· Underlying gross loss of £(1,562)m, down from £276m of gross profit in 2019 principally reflected lower aftermarket profit, underutilisation of operations, lower spare engine sales and £1.2bn of largely COVID-19 related one-time charges which included:

LTSA catch-ups: £(814)m impact to profit from negative contract catch-ups, principally driven by a forecast reduction in engine flying hour receipts as a result of COVID-19;  

Up-front recognition of future losses: also due largely to COVID-19, certain contracts have either become loss-making or have seen an increase in expected losses, resulting in a £(309)m charge, with the largest impact on the Trent 900 programme; and

£95m charge reflecting specific customer provisions and the deterioration of the market credit ratings of our customers in Civil Aerospace largely due to COVID-19.

· C&A: costs of £(172)m, down 8% due to management cost control actions.

· R&D: charge increased to £(180)m (2019 H1: £(157)m), driven by a fall in R&D capitalisation as new engine programmes mature, with R&D cash spend modestly lower.

· Trent 1000: Zero AoG related to Trent 1000 durability issues reached in June 2020. Additionally, there was a £498m exceptional provision reduction, reflecting a £321m net improvement in the outlook for future in-service cash costs, alongside a £177m improvement in expected future losses on our small number of loss making contracts both due to the impact of COVID-19 on industry activity. During H1 in-service cash costs on Trent 1000 were £(135)m.

· Outlook: as outlined in our 'base case' scenario, we anticipate a gradual recovery in flying activity with large engine flying hours declining by approximately 55% in 2020 before recovering to approximately 70% of 2019 levels by 2021 and approximately 90% by 2022. We expect large engine deliveries to remain stable at around 250 per year across 2020-22. Due to this improvement in flying hours, alongside our major reorganisation of the Civil Aerospace cost base, we anticipate a significant improvement in Civil Aerospace performance from 2021, with a return to positive cash generation during 2022.

 

Power Systems

 

 

 

 

 

 

£m

 

H1 2020

 

H1 2019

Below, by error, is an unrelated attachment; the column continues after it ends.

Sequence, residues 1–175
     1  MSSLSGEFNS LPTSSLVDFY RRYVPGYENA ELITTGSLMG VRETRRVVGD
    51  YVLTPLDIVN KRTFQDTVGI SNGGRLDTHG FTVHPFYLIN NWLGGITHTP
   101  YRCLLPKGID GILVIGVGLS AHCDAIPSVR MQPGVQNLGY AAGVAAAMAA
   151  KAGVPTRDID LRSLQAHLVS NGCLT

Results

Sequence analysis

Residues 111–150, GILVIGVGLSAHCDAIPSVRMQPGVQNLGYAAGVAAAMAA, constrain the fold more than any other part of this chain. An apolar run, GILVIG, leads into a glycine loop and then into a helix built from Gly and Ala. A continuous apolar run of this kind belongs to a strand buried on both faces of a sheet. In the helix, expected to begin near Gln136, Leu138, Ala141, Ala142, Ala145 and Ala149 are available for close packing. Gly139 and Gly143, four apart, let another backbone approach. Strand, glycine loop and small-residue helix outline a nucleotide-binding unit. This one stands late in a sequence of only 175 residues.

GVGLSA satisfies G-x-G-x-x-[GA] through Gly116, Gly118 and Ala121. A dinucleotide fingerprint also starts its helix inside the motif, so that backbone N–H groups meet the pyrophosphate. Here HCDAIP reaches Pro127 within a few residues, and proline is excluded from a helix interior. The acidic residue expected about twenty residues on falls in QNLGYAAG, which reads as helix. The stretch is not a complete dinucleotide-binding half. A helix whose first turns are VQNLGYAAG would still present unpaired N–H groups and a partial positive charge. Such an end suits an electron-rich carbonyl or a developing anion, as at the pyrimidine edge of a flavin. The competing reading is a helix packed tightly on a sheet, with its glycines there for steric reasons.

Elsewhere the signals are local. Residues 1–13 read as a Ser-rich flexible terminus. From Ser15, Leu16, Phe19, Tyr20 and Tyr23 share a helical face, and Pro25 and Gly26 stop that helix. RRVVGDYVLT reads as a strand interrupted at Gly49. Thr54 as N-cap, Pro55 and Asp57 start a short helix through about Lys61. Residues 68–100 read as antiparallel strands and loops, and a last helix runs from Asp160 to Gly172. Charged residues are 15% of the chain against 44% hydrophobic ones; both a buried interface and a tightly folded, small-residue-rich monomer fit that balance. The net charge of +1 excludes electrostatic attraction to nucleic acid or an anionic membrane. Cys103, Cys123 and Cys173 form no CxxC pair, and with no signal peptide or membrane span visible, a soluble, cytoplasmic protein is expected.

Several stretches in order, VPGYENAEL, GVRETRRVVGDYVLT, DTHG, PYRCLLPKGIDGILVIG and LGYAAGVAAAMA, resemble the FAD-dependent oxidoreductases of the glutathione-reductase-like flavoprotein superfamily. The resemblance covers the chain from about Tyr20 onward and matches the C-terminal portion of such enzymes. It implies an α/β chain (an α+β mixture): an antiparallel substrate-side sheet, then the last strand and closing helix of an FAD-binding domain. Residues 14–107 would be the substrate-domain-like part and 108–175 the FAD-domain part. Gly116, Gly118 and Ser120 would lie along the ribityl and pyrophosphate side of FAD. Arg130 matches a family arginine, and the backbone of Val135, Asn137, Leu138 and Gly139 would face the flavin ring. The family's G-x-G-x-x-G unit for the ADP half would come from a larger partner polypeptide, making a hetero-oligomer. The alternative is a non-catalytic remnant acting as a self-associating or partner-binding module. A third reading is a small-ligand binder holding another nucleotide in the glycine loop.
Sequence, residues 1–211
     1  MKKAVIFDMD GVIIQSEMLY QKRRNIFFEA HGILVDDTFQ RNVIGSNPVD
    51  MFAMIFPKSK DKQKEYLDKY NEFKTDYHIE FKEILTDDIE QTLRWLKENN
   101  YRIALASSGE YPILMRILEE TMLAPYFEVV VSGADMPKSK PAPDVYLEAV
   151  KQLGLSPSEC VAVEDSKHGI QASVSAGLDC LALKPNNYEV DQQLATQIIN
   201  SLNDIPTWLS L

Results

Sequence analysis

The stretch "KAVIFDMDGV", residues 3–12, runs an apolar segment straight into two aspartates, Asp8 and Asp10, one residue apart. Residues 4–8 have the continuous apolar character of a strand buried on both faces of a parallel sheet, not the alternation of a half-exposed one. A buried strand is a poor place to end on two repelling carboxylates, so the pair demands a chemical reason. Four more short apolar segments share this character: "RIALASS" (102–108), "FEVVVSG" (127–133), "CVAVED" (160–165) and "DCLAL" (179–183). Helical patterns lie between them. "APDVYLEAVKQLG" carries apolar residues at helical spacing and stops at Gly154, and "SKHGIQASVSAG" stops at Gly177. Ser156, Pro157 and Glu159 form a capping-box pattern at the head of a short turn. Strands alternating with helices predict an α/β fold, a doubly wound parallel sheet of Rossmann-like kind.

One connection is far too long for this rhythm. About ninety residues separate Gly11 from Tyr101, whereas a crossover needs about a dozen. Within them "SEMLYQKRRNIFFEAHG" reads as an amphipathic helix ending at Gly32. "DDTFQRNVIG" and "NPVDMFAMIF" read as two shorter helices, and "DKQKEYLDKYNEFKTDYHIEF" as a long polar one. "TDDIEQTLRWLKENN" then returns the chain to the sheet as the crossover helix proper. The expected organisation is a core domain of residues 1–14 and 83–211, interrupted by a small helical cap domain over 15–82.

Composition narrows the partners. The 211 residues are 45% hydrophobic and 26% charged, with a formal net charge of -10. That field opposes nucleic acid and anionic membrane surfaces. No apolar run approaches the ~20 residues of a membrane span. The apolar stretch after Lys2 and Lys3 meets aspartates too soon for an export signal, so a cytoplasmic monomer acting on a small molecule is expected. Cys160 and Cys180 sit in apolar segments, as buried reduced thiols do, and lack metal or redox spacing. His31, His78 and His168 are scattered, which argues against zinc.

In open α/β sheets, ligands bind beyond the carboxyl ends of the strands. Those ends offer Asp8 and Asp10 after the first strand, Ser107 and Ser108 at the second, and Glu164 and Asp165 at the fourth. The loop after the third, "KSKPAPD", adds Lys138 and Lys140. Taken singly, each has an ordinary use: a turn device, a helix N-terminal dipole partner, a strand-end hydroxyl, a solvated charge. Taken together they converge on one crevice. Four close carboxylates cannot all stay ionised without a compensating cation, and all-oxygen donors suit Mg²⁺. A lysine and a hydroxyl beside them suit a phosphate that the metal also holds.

Change

Organic

change

Underlying revenue

1,250

1,408

(11)%

(11)%

Underlying OE revenue

823

923

(11)%

(11)%

Underlying services revenue

427

485

(12)%

(12)%

Underlying gross profit

265

370

(28)%

(28)%

Gross margin %

21.2%

26.3%

(510)bps

(510)bps

Commercial and administrative costs

(154)

(176)

(13)%

(12)%

Research and development costs

(89)

(89)

-

1%

Joint ventures and associates

-

(1)

-

-

Underlying operating profit

22

104

(79)%

(79)%

Underlying operating margin %

1.8%

7.4%

(560)bps

(560)bps

The underlying results for Power Systems for 30 June 2019 have been restated to reclassify Bergen Engines AS and the North America Civil Nuclear business as non-core.

 

· Performance was impacted by COVID-19 during H1, albeit less severely than in our Civil Aerospace business.

· Order intake was £1,241m in H1, resulting in a net book-to-bill of 1.0x, helped by the Chinese market, which remained robust.

· Underlying revenue decreased by 11% to approximately £1.3bn. OE revenue was down 11% driven by weak demand particularly in industrial end markets, while government marine and power generation sales were resilient. Services revenue was down 12% with lower utilisation of Power Systems' installed base due to reduced industrial and construction activity, as well as the impact of mobility restrictions.

· Underlying gross profit fell by 28% to £265m, with margins down by 510bps. This reflected the reduction in revenues as well as reduced factory utilisation and included an approximately £(20)m impact from inventory write-downs as a result of COVID-19.